Tuesday 31 July 2012

From Greenwich with love.

New Anzac, or Peacehaven as it's now known has the singular (and I use the word deliberately) distinction of having the Prime Meridian pass through it. On its long journey around the world this imaginary but important line passes through Peacehaven and on through France and Africa until it eventually comes knocking at the back door of the Royal Observatory in Greenwich again. 

Charles Neville, the 'founder' of Peacehaven saw, as he did in most things, a PR opportunity of being able to walk from one hemisphere to the other in his 'Garden City by the Sea', and duly erected a wooden structure looking much like an oil drilling well-head. This was replaced by the slightly more tasteful monument shown here. Neville himself unveiled this and due to cliff erosion it has been moved twice since then. Quite what the health-giving or social benefits are to be gained from cross-hemispherical perambulations has yet to be discovered by medical science, but, as was so often the case, Neville was ahead of his time. All I know is that it's possible to play darts between the East and West in a certain establishment there. Who knows, maybe there is, right in the microscopic centre, a piece of international no-mans-land where all the world's disputes could be settled. Or not.

Thursday 5 July 2012


It's 1959 and we were the proud owners of an oval window Volkswagen Beetle. A sort of metallic grey colour (although the term hadn't fallen into common usage at the time), it was a delightful little car. My dad's standing there in the prime of life and obviously delighted with this German motoring masterpiece. An aircraft engineer by profession and a car and motorcycle nut by choice, he'd had dozens of vehicles, most of which he'd fixed up himself, but this was the first he'd bought from a recognised motor dealer. Not new, it was but a very few years old and in great condition. Its maximum speed, around 70mph, was also the cruising speed and its flat four air-cooled engine made a delicious sound from the back. A particular curiosity was the (and a first for us) windscreen washers being powered by compressed air drawn from the valve in the spare wheel located under the bonnet. Too many rainy days and it was advisable not to have a puncture. The poor car was grossly overloaded in this photograph carrying the remnants of the contents of my grandma's home - we were about to set off on a sixty mile trip, and as far as I can remember nothing fell off.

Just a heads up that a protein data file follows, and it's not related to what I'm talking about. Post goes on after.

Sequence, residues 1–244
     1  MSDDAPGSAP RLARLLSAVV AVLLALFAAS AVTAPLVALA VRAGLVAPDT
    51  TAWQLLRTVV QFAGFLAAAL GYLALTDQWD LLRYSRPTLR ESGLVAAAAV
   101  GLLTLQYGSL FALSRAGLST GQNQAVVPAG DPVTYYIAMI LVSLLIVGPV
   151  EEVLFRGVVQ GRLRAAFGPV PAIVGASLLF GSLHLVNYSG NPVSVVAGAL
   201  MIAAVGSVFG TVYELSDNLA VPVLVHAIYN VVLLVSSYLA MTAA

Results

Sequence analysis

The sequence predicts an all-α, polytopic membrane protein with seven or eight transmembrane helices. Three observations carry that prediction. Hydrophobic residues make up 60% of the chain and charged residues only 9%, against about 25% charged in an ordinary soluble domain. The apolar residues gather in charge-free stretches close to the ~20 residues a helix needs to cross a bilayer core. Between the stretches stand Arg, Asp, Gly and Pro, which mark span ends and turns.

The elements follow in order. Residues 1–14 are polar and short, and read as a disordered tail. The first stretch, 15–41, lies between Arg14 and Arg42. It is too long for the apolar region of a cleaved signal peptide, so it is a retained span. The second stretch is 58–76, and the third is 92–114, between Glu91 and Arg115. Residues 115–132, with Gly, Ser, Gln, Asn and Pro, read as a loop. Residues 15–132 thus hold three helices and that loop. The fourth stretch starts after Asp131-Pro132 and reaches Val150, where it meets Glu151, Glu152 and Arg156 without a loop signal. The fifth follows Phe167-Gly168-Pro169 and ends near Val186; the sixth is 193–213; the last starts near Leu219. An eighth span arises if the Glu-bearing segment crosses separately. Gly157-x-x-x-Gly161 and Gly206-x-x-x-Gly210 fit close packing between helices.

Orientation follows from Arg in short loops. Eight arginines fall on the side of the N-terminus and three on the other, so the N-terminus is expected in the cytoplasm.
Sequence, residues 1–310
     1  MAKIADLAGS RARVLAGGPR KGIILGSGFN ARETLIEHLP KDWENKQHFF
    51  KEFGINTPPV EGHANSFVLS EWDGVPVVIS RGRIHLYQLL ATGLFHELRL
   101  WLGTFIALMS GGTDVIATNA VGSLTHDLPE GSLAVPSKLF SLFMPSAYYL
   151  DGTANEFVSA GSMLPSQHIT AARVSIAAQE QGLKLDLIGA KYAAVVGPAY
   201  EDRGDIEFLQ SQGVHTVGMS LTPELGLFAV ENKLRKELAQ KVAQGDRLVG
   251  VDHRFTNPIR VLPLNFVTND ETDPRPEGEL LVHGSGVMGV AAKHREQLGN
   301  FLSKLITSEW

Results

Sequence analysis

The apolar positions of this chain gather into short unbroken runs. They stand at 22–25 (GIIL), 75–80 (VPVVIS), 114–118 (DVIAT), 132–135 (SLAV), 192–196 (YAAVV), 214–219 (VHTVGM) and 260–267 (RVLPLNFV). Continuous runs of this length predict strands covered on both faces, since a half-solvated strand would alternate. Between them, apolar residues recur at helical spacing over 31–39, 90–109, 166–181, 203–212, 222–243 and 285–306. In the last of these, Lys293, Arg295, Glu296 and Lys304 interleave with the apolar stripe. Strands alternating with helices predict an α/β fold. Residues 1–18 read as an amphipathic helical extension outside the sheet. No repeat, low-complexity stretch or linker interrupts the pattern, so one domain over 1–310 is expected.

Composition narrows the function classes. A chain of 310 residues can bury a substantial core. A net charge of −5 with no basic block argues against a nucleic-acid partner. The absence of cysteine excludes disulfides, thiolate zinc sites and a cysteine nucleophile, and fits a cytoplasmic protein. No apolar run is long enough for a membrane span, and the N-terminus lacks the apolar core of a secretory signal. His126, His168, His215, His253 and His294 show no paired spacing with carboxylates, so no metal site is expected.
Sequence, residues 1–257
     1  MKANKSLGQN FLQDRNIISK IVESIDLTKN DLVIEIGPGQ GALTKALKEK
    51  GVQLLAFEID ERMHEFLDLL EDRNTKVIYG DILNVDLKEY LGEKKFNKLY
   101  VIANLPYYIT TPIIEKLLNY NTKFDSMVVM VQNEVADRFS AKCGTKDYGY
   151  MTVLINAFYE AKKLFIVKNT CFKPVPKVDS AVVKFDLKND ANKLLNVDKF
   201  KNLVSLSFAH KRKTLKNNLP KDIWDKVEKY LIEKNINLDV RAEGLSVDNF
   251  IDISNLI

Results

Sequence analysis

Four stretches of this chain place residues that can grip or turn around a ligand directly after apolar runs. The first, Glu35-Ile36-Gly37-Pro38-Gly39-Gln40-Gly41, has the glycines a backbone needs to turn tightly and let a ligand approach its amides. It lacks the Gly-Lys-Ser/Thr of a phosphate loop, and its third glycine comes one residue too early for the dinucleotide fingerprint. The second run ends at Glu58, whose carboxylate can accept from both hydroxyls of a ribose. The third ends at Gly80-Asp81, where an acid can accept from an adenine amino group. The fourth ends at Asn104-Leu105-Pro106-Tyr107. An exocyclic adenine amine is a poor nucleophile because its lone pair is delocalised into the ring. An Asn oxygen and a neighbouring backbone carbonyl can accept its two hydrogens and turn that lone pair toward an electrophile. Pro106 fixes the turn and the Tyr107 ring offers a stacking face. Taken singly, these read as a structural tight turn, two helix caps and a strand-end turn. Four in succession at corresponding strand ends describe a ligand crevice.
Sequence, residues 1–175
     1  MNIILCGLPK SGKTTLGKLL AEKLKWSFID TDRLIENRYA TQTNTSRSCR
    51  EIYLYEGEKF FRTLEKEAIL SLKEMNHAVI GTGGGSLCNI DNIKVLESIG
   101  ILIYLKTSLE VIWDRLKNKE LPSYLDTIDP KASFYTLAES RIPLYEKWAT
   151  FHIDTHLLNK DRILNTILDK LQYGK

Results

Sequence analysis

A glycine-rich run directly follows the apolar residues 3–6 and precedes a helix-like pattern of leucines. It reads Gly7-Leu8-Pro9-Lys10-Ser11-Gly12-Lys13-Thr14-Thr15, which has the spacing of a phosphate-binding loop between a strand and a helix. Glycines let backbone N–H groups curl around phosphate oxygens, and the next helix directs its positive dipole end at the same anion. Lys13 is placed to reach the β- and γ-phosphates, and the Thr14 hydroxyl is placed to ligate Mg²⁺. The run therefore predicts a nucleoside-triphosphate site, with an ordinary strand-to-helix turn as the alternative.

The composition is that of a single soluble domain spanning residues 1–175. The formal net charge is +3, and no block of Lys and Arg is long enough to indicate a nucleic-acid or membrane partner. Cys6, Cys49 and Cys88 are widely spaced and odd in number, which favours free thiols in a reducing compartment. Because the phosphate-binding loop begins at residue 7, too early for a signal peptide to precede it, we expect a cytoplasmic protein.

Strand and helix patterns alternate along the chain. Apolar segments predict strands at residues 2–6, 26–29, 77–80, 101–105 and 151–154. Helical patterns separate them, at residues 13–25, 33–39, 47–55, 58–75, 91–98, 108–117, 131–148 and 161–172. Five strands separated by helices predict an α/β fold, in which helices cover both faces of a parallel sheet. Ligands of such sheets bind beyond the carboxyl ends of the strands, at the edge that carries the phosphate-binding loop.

The Beetle was a source of fascination to him, and as he had to know how everything worked, he pulled the engine out one day on some pretext or another - satisfied, he put it all back together on the next. Eventually of course he tired of this faithful servant and bought a nice, but thoroughly corroded Borgward Isabella ts - another German car but nowhere near to being in the same league as far as build quality was concerned, yet satisfying his latent sporting motorist pretensions. By then his predilection for falling asleep at the wheel (he was a flight engineer and obviously suffered from what we now know as 'jet lag' but was then 'propellor lag') on his long drive home from trips abroad, saw the Borgward vanish down and along a construction trench in the road, never to exit. He wasn't injured and neither were the surprised pipe-layers who gentlemanly helped him from the steaming wreck after he'd almost killed them.

Oval window Beetles, like their earlier cousins the split window models, are much sought after these days and command huge money. I can't remember what we paid for ours but it wasn't more than a few hundred pounds, although that seemed like a small fortune at the time. I learned (illegally) to drive in it aged ten, and having been seen doing so was  reported to the police - fortunately having recently broken my arm, the old man managed to talk the sergeant who'd come to see us, out of the threat of prosecution, pointing to my left arm in plaster.

Here's to the VW Beetle, designed under Hitler but turned, thank goodness, to more peaceful use by the British occupying forces who took over the Volkswagen factory. They got the production lines going again after the war, thus paving the way for VW to become one of the world's most successful car companies. Ironic, eh?